Crazy Horse had an elder stripe the baby's face with fine lines of red paint, symbolic of the child's relationship to Wakan Tanka, the Great Holy. Then an honored friend or relative was chosen to ensure the transfer of valued personality traits to the infant. Such a man, renowned for bravery in battle and good nature at home, took the baby in his arms and, gently parting the infant's lips, breathed into his mouth, transmitting the vital life principle ni. In the days that followed, Crazy Horse sponsored a feast to honor his wife, and after all had eaten, the village herald stepped into the center of the circle to announce the baby's name.
Whatever name was drawn from the store of honored family titles, it did not stick. Ultimately, the boy would acquire his father's and grandfather's name—Crazy Horse—and make it imperishably famous. But for now, mother or sister coined a nickname. Doting over his comparatively pale skin and the wavy hair inherited from his mother, the black highlighted by a deep brown sheen, the family began to call him by any one of several lovingly ingenious variations on Pehin Yuhaha: Curly Hair.
The 1840 Lakota world that Curly Hair was born into was vigorous, confident, and growing. His Teton people roamed the high plains west of the Missouri River, throughout modern western South Dakota and adjoining parts of Nebraska, Wyoming, and North Dakota. About 11,500 strong in 1840, the Teton divisions accounted for about one-half of the people Euro-Americans knew collectively as Sioux. East of the Missouri ranged relatives and allies who spoke mutually intelligible dialects: Yankton and Yanktonai bands were centered on the long grass prairies of the James River, while in southern Minnesota, the Santees occupied the transition zone between prairie and woodland.
The Tetons comprised seven divisions. Curly Hair's people, the Oglalas, ranged between the Black Hills and the North Platte River in southeast Wyoming. The Brules hunted along the White and Niobrara rivers to the east. North of the Black Hills ranged five smaller divisions, collectively known as Saones: the Miniconjous, his mother's people; Two Kettles; Sans Arcs; Sihasapas; and Hunkpapas.
Lakota domination of the northern plains was implemented by a diplomacy that matched force with intertribal alliance. By definition, all other tribes were considered enemies, except for the Cheyennes and Arapahos, who were accorded an honorary status as part of the great Lakota Alliance.
By the time of Curly Hair's birth, two tribes in particular were emerging as key opponents in the Lakota domination of the plains. Southeast of the Lakota domain, in the lower Platte River valley, the horticultural Pawnee villages lay at the core of extensive hunting ranges on the central plains.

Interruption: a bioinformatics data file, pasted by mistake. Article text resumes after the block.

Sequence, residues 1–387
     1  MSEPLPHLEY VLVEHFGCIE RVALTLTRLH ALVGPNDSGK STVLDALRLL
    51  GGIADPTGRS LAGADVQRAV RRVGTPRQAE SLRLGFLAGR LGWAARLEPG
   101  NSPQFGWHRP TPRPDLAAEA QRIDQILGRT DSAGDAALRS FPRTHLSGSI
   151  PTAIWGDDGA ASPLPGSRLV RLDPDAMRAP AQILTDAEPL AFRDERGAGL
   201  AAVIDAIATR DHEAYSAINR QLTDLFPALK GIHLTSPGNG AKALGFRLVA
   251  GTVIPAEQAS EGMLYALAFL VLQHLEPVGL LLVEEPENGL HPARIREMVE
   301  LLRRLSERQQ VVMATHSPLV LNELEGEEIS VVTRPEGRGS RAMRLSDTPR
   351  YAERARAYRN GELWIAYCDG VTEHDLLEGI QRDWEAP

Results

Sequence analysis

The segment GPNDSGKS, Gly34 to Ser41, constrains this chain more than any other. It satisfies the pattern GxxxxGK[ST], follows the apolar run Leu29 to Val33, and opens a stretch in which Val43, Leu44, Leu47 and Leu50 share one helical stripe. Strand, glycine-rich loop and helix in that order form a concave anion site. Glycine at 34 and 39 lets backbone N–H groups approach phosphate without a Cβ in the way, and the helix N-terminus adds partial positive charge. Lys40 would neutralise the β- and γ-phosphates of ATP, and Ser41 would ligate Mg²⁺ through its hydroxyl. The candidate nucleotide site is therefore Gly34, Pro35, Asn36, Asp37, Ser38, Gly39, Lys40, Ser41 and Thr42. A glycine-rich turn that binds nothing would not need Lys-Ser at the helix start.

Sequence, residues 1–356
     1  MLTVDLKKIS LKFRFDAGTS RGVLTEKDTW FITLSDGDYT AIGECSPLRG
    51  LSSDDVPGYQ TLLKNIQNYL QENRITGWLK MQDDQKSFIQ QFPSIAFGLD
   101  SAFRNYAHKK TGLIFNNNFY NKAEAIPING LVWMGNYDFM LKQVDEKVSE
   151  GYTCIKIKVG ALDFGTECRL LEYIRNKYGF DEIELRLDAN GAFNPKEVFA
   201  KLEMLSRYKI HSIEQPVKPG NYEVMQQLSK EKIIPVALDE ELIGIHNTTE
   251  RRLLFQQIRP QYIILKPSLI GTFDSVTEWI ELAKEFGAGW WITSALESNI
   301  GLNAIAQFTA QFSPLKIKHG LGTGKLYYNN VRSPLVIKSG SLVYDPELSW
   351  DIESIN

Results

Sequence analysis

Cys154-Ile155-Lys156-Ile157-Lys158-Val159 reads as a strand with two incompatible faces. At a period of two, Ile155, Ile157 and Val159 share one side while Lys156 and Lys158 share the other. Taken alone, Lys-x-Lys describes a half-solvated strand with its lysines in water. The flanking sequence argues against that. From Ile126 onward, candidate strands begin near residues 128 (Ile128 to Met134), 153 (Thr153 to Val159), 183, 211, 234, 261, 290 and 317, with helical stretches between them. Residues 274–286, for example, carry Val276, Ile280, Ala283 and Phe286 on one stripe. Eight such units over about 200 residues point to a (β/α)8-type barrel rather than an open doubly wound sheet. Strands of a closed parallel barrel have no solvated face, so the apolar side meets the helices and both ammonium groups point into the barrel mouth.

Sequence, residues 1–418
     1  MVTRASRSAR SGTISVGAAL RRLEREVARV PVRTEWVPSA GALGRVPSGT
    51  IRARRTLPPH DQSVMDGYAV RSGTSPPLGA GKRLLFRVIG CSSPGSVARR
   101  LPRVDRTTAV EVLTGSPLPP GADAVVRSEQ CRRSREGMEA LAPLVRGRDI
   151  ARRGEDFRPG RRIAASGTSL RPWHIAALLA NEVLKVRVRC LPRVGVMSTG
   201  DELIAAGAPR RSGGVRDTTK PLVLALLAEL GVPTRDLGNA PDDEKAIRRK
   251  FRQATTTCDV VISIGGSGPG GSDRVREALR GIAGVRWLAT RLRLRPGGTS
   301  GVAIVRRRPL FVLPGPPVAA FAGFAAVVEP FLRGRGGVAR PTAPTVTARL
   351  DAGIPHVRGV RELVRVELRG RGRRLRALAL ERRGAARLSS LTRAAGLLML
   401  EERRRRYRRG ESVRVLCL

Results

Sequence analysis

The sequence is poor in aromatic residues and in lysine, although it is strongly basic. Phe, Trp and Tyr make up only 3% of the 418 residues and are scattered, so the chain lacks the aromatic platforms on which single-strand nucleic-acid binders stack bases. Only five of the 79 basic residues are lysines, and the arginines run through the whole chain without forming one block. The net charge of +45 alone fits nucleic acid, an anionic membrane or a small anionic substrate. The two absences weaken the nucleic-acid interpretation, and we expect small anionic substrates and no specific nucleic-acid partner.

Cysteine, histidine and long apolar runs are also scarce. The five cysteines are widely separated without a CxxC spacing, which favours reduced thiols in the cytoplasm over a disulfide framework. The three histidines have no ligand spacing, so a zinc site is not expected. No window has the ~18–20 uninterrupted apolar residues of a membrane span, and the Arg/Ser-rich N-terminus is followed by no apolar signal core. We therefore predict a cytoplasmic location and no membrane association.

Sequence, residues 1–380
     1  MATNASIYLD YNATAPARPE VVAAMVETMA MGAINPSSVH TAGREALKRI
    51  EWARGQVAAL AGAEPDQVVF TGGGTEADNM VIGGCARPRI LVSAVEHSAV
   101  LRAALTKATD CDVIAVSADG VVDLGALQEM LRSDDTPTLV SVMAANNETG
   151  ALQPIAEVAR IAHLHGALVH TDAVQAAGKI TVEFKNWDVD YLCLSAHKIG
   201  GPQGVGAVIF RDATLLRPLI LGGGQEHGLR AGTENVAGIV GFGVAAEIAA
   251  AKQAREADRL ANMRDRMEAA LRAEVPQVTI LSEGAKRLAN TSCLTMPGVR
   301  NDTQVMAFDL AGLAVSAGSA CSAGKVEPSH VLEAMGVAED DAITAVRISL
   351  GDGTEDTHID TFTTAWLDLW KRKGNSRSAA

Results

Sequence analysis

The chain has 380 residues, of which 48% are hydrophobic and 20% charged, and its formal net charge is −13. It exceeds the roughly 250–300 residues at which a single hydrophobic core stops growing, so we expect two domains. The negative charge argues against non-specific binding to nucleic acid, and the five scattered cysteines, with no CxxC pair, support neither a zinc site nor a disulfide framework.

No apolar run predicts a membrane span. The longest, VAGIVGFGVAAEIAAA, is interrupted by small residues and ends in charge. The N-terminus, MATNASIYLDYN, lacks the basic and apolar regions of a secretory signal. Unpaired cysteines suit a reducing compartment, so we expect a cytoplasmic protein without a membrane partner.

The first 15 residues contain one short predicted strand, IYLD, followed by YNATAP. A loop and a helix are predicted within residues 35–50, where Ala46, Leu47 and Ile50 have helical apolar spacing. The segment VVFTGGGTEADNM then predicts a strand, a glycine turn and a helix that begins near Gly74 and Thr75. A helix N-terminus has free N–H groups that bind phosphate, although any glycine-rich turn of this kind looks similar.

Along the Yellowstone River ranged the Crows, a nomadic tribe, wealthy in horses, that had exchanged long-distance raids with the Lakotas for many decades. As Lakota expansionism fronted Crow hunting ranges in a new war zone along the Powder River, the cycle of raid and reprisal would accelerate during Curly Hair's lifetime. The Crow war would be the arena in which the adult Curly Hair would first prove himself as the greatest of all Lakota warriors.
As young Curly Hair grew into boyhood, his deepest, most sustaining relationships were rooted in the intimacies of family life. Within the embracing circle of the tipi, he lived with his father, mother, and elder sister Looks at Her. His father customarily sat in the honor place, at the rear of the lodge, facing the east entrance. As firstborn son, Curly Hair would sit at his father's left, while his mother and sister busied themselves around the cooking fire, serving food to kinsfolk and visitors.
Even more important than the nuclear family of parents and children was the wider extended family. The tiyospaye, or lodge group, was the basic building block of society. A cluster of families, related by blood and marriage, the tiyospaye was typically fifty or a hundred people strong. Curly Hair's large kindred was called Kapozha, meaning lightweight, or "not encumbered with much baggage." The leading family was Curly Hair's own, proudly tracing its descent through a lineage of elders and holy men to his great-grandfather Black Elk I, born in the days before the Lakotas obtained horses. The families of grandfather Makes the Song, his four brothers, and their six adult sons formed the core of the kindred, augmented by those of men who had married in. Ten or fifteen tipis of siblings, cousins, and in-laws made an extended home in which Curly Hair felt the nurturing security of being valued and loved. The proliferation of nicknames affectionately detailing his wavy hair—The Light-Haired Boy, Yellow Fuzzy Hair—reflected the relaxed intimacy of relationships with one's own "band relatives." In his mother's band of Miniconjous, too, Curly Hair enjoyed a warm, reassuring home away from home.